All posts in “roundup”

Social Media Roundup for April 30,2010

How’s this for an Internet throwback

Hats off to Mashable for finding this awesome Geocities-izer tool. The site lets you enter any website into the tool and spits out what the page would have looked like as a Geocities page back in the day. Check out The New York Times website Geocities-ized – complete with music!

Most Americans know Twitter, but few use it

A new report released by Edison Research reveals that Twitter awareness among Americans has been growing since 2008 with 87 percent now familiar with the tool, only slightly trailing Facebook’s awareness of 88 percent. Facebook continues to be the dominant social network in terms of usage with 41 percent of Americans maintaining profiles on the site whereas only 7 percent are tweeting.

The research also reveals that Twitter users are 3x more likely to follow brands on Twitter than on other social networking sites, and that less than half of regular Twitter users post updates, although 70 percent of these same users post status updates to other social networking services like Facebook.

Over sharing in 140 characters

We’ve all been victim to our Facebook friends and Twitter followers posting tidbits of “too much information” online. No one needs to know that you’re tweeting from the restroom, no one. The Huffington Post has put together a slide show summary of some of the worst Twitter TMI incidences – most of them from over sharing celebs.

Chatroulette inspires artists

Visual artists are taking to Chatroulette to let their creative juices flow. Check out this video of one talented user speed painting another user in various poses.

Social Media Roundup April 2, 2010

Facebook switches “Fans” for “Likes”

An Associated Press story tells us that Facebook will no longer use the term “become a fan of” in favour of the more colloquial and direct “like”. The terminiology change erases one of the few remaining distinctions between personal and brand interactions on the leading social network. It will be interesting to see if something as simple as more friendly language will increase consumer’s engagement with Facebook’s Fan pages.

Report issued on Social Media Ads that work best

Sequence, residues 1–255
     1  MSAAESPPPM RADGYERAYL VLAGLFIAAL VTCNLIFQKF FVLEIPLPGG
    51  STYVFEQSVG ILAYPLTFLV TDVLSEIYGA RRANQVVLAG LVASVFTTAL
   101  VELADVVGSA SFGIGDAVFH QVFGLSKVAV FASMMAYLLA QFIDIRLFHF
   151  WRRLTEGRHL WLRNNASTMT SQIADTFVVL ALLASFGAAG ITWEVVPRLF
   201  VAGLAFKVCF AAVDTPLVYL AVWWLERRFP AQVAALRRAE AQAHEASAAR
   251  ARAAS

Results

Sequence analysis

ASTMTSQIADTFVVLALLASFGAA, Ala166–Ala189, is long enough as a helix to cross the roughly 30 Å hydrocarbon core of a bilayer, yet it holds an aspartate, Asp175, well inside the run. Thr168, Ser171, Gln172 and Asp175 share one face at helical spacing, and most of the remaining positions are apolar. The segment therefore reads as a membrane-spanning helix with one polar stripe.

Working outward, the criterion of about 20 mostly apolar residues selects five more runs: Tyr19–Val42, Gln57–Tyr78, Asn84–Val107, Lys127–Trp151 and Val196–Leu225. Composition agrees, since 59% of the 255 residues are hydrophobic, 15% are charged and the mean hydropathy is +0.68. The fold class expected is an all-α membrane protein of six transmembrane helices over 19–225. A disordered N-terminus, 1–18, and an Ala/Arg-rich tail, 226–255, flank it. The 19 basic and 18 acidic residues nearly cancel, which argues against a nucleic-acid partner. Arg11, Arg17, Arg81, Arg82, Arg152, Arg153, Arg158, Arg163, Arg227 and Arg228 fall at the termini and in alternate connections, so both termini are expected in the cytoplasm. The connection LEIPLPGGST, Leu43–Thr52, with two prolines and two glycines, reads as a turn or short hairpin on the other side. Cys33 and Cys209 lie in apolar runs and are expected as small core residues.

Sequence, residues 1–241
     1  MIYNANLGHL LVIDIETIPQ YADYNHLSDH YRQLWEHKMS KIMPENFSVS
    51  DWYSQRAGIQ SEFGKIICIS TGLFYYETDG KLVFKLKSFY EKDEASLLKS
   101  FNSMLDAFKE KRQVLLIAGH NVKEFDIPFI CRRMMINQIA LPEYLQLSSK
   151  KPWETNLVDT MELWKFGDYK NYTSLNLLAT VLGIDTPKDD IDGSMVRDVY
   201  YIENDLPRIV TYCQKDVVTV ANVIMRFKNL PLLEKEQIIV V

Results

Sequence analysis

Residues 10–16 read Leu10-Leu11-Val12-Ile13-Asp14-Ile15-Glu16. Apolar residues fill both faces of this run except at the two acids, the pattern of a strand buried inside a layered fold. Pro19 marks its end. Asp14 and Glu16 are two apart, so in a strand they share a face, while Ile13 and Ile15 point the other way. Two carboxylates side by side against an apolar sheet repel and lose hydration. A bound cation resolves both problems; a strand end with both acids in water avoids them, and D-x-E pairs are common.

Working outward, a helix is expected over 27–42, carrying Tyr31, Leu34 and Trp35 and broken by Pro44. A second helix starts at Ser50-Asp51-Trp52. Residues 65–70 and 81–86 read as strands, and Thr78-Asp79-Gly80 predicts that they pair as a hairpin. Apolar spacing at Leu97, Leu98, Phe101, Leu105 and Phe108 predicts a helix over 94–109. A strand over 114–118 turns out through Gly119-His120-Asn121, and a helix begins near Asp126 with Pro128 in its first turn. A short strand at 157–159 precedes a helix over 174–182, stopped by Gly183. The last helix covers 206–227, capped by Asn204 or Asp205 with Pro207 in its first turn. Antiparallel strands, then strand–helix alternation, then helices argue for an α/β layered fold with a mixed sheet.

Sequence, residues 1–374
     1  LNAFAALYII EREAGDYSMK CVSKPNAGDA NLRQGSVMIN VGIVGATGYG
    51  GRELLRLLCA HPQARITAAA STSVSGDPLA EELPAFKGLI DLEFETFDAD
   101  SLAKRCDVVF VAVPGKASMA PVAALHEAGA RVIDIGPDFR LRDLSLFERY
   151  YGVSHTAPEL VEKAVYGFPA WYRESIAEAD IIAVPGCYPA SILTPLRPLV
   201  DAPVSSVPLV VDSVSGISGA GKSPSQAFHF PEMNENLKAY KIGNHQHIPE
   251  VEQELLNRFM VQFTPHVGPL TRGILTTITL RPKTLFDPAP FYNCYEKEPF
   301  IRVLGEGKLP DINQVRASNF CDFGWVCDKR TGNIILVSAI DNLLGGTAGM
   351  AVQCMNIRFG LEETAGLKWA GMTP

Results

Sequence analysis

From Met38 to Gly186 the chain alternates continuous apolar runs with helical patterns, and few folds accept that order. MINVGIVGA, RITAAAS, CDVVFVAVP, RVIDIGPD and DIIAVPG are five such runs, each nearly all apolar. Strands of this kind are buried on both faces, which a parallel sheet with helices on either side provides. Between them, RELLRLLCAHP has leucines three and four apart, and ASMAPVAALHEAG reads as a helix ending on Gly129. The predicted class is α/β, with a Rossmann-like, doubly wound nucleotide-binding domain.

Mashable summarizes a report from Psychster Inc. and AllRecipes that pitted various types of online ads against each other. Not surprisingly, there is a bit a gap between ad types that are good at selling (banner ads, emails) versus ads that are good at engagement (Corporate profiles with fan options and widgets). Read the executive summary here

YouTube Facelift

If YouTube seems a little bit different than the last few days, don’t worry it isn’t an April Fools joke (see below). Overall the video watching experience is a little less cluttered, but still has access to the same information as before via pulldowns. Most notably, we can say goodbye (and good riddance IMHO) to the 5 star rating system in favour of the simpler Like/Don’t Like model. According to MediaPost the re-design has increased time on site by 7% and increased video playback by 6%.

The Ten Plagues of Social Media

Social Media Insider writer David Berkowitz pushes a seasonal analogy a bit far with this one, when comparing the Plagues of Egypt to the top ten mistakes in social media. Personally, I can’t make the connection of how a plague of lice can be compared to campaign-based thinking, but most of the points are valid.

Social Media Roundup for March 26, 2010

Location Tweets Coming Home to Roost

It isn’t only the robbers that you need to worry about when telling your Facebook friends about your vacation or checking in on Foursquare from Hawaii, but your insurance company as well. According to MediaPost, home insurance premiums in the U.K. may go up by 10% as a direct result of the approximately 40% of British social network users who update with holiday plans.

Pillow Talk – Social Networking Style

Apparently finding out if someone liked your Facebook status is more important for many social network users than sleep. According to the Gadgetology study done by Retrevo a whopping 48% of US social network users check in every time they wake up during the night. Stay tuned next month for social network’s role in the US divorce rate.

If the Grateful Dead Were Alive Today…

It would appear that Deadheads got the whole social media thing before there was an Internet. Shannon Paul’s Very Official Blog has an interesting read on the 4 Things the Grateful Dead Can Teach You About Social Business. The Dead were masters at keeping their most loyal fans on the inside while combining free and paid models to the benefit of both business and their fans.

Memewatch: ChatRoulette Musical Improv

It all started with a guy named Merton (who looks a lot like Ben Folds Five) improvising songs (video featured above) to lonely ChatRoulette participants. Sadly, the video was pulled down by YouTube for some violation or other and then subsequently edited and re-posted. Then Ben Folds Five takes up the gauntlet and records a live Ode to Merton. Now Mashable has a great video interview with a talented and funny guy who is making ChatRoulette “exhibitionist”, but in a good way this time.

Handy Tool: follows your twitter feed and updates your delicious account with the links you tweet. It also offers some basic rules allowing you to include or exclude specific types of links.

Social Media Roundup March 12, 2010

Role of Community Managers Growing in the Enterprise

Dion Hinchcliffe over at the EnterpriseIrregulars has written an enlightening post on the rapidly evolving role of community managers in large companies. He also points us to The State of Community Management – 2010 report.